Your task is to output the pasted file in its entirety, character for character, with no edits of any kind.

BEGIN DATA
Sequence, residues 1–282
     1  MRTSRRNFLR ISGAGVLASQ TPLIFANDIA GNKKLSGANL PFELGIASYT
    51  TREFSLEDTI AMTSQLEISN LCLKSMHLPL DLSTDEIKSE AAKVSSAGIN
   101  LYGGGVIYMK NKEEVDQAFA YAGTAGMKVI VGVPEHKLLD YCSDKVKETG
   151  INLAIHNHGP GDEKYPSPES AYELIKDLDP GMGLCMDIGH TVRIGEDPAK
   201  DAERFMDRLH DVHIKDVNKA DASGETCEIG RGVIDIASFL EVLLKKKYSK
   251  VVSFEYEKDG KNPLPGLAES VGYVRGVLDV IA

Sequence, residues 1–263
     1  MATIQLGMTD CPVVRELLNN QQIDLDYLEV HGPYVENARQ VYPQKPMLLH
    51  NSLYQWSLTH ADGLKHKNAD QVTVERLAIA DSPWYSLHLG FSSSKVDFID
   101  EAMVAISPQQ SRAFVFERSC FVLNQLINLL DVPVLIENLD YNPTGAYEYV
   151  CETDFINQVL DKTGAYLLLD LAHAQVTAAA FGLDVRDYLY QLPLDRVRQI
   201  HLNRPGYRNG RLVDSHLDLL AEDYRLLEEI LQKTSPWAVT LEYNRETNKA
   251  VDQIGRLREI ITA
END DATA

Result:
Sequence, residues 1–282
     1  MRTSRRNFLR ISGAGVLASQ TPLIFANDIA GNKKLSGANL PFELGIASYT
    51  TREFSLEDTI AMTSQLEISN LCLKSMHLPL DLSTDEIKSE AAKVSSAGIN
   101  LYGGGVIYMK NKEEVDQAFA YAGTAGMKVI VGVPEHKLLD YCSDKVKETG
   151  INLAIHNHGP GDEKYPSPES AYELIKDLDP GMGLCMDIGH TVRIGEDPAK
   201  DAERFMDRLH DVHIKDVNKA DASGETCEIG RGVIDIASFL EVLLKKKYSK
   251  VVSFEYEKDG KNPLPGLAES VGYVRGVLDV IA

Sequence, residues 1–263
     1  MATIQLGMTD CPVVRELLNN QQIDLDYLEV HGPYVENARQ VYPQKPMLLH
    51  NSLYQWSLTH ADGLKHKNAD QVTVERLAIA DSPWYSLHLG FSSSKVDFID
   101  EAMVAISPQQ SRAFVFERSC FVLNQLINLL DVPVLIENLD YNPTGAYEYV
   151  CETDFINQVL DKTGAYLLLD LAHAQVTAAA FGLDVRDYLY QLPLDRVRQI
   201  HLNRPGYRNG RLVDSHLDLL AEDYRLLEEI LQKTSPWAVT LEYNRETNKA
   251  VDQIGRLREI ITA